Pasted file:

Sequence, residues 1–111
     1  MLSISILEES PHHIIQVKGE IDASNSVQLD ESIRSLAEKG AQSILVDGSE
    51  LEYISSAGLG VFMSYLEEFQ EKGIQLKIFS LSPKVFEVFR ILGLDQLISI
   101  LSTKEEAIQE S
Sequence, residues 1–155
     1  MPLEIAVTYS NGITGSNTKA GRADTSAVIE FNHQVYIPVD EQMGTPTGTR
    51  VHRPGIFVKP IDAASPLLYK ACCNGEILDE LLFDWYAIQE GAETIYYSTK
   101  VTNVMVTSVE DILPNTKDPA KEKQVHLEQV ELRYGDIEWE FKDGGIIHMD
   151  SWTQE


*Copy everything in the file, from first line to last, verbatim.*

Sequence, residues 1–111
     1  MLSISILEES PHHIIQVKGE IDASNSVQLD ESIRSLAEKG AQSILVDGSE
    51  LEYISSAGLG VFMSYLEEFQ EKGIQLKIFS LSPKVFEVFR ILGLDQLISI
   101  LSTKEEAIQE S
Sequence, residues 1–155
     1  MPLEIAVTYS NGITGSNTKA GRADTSAVIE FNHQVYIPVD EQMGTPTGTR
    51  VHRPGIFVKP IDAASPLLYK ACCNGEILDE LLFDWYAIQE GAETIYYSTK
   101  VTNVMVTSVE DILPNTKDPA KEKQVHLEQV ELRYGDIEWE FKDGGIIHMD
   151  SWTQE